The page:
The Erotic Cloth - Abstracts
Session 1: The Place of Cloth
Video: Moi Non Plus - Liz Rideal
The film title refers to the Birkin/Gainsbourg duet from 1969; ‘Je’taime…moi non plus’ (‘I love you…me neither’), fabled to have been recorded live during sex, in a studio in Marble Arch (there is much heavy breathing). Rideal’s film balances three elements; William Hogarth’s pornographic diptych, ‘Before and After’, 1731 (Collection: The Fitzwilliam Museum, Cambridge), a voice over of poems translated by Robert van Gulik that accompany erotic colour prints of the late Ming period and film of cloth either at rest or in syncopation, some of the footage relates to previous exhibition installations by Rideal of film projected onto cloth in motion.
The question of ambiguity of sexual power, cloth used as a vehicle in male and female arousal and the tensions surrounding the sexual act are the focus of this short film. Avoiding overt pornography and using voice over to imply, through poetic suggestion, the ‘variegated positions of the flowery battle’, the desire is to provoke thought about the complexity of arousal and the repetitive narrative of sexual congress. The opening text, ‘The Bronze Man holding the Dew Basin’, refers to a large bronze statue of a man holding up a basin that belonged to Emperor Wu of the Han Dynasty. The bowl was meant to catch the morning dew that the Emperor used as an ingredient in the Elixir of Longevity. Referred to in the context of the original print and poem, the implication was that the vaginal secretions containing the woman’s Yin essence, could be collected by those wishing to attain the goal of immortality. The mixture would ‘complete’ their Yang essence.
(See also: http://jamescahill.info/illustrated-writings/chinese-erotic-painting/chapter-3)
Always in the Act of Becoming: Folds, Scissors and Cleavage in Giovanni Battista Moroni’s Il Tagliapanni - Angela Maddock
My secret. I look for you, my pulse racing and cheeks slightly flushed. Down corridors I hurry and there you are again, head tilted, eyes returning my gaze - those very lovely, deep brown eyes – the thumb and index finger of your left hand tenderly holding the edge of a chalked up stretch of black cloth. A cloth lain across a table and marked for the flesh of a body that will never be dressed. And yet you are so beautifully dressed. Silk at your throat and wrists, folds of cloth at your hips. I like to imagine the cloth you hold might be for me, for my body. And there are your scissors, huge tailor’s shears, your fingers expertly laced through their bow, the tips parted in anticipation. You lean towards me and I look again at those scissors and what is there, what is there emerging from the folds of your bombasted hose, a smile comes to my lips and my seduction is complete.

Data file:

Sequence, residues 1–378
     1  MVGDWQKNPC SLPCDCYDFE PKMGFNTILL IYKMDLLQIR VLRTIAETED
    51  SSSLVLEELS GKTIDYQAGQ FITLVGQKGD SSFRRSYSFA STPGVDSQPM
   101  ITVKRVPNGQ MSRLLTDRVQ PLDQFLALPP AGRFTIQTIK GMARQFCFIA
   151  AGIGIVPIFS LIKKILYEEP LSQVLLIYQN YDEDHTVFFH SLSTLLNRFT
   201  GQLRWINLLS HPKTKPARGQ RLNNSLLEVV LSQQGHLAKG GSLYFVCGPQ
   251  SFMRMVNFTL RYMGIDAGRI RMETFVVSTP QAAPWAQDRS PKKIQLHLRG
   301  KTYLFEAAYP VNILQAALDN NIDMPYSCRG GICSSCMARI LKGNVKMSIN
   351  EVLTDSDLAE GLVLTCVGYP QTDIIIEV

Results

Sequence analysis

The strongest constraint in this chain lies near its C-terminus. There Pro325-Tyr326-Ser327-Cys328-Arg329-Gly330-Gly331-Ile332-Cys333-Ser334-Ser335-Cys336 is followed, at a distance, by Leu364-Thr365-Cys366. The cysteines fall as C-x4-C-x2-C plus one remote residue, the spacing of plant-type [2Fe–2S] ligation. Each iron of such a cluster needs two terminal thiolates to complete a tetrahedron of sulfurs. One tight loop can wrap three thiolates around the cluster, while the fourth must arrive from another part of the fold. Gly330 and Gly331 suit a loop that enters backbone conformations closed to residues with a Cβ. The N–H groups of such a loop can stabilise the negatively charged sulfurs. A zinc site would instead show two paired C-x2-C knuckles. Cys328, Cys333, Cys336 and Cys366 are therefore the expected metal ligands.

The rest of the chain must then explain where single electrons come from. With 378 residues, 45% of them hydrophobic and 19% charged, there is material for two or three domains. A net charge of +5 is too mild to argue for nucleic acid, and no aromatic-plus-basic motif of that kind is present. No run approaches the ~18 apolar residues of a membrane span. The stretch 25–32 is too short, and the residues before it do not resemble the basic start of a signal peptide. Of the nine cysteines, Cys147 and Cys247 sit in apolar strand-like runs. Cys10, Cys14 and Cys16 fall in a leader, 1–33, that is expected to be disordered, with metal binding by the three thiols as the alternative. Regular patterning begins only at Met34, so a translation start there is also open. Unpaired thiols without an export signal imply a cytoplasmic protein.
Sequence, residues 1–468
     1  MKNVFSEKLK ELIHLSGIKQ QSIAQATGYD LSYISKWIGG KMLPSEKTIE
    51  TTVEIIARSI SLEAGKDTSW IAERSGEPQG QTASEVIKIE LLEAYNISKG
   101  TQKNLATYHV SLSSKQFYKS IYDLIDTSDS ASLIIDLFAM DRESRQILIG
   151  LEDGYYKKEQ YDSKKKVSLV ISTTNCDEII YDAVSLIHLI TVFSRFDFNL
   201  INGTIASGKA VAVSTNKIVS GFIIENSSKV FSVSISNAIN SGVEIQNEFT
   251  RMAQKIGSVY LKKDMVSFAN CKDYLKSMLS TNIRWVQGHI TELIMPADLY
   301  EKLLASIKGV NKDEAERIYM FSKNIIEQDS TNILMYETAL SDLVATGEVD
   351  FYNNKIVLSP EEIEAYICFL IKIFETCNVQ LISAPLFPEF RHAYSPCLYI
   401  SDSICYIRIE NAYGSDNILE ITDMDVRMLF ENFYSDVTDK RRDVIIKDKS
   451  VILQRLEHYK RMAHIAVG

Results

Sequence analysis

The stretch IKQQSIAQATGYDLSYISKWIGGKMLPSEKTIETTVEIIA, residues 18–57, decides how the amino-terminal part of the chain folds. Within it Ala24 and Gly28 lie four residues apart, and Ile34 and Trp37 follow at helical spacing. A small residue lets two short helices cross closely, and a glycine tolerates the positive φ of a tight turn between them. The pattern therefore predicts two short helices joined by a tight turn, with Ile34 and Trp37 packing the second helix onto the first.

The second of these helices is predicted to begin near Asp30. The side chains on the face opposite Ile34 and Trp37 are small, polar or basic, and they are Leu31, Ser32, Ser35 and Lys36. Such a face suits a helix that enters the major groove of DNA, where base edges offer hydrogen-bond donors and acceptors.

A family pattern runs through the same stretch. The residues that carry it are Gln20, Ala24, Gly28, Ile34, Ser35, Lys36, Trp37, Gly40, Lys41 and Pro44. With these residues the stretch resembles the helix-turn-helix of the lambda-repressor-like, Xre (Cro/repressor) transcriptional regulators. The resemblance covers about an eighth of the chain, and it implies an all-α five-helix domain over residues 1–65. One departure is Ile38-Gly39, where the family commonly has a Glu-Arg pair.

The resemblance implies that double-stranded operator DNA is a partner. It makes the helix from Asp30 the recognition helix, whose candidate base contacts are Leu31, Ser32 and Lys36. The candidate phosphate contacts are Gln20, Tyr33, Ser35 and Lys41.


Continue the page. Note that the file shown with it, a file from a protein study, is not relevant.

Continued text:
Giovanni Battista Moroni’s Il Tagliapanni (1565-70) is one of the most popular paintings in the collection of the National Gallery, London and a particular favourite of tailors. It is also a profoundly erotic painting, steeped in desire and the anticipation of what might be, Il Tagliapanni is a painting eternally poised in the act of becoming.
This paper adopts psychoanalytic theory, particularly Freud’s thinking on the fetish and cleavage and Lacan’s idea of the erotogenic, to unwrap Il Tagliapanni, to explore the painting’s erotic staging and also the reiterative role played by the tailor’s scissors, his tools of the trade. I unfold some of the paintings secrets to suggest that the ‘marking’ and anticipated ‘cutting’ of the cloth perform as acts of longing and that this ‘mise-en- scene’ might also be read as foreplay, a teasing display of anticipation that confirms cloth as erotic and desirous site. Il Tagliapanni with his scissors, bombasted hose and deep brown eyes reminds us that cloth and its fabrication has the capacity to seduce, to set us adrift into the imaginary, a place where all seems possible and where things are felt more than known. I propose that Il Tagliapanni is much more than a beautiful painting of a skilled craftsman; it is a perfectly poised erotic moment that confirms the central and crucial role of cloth in our sensual lives.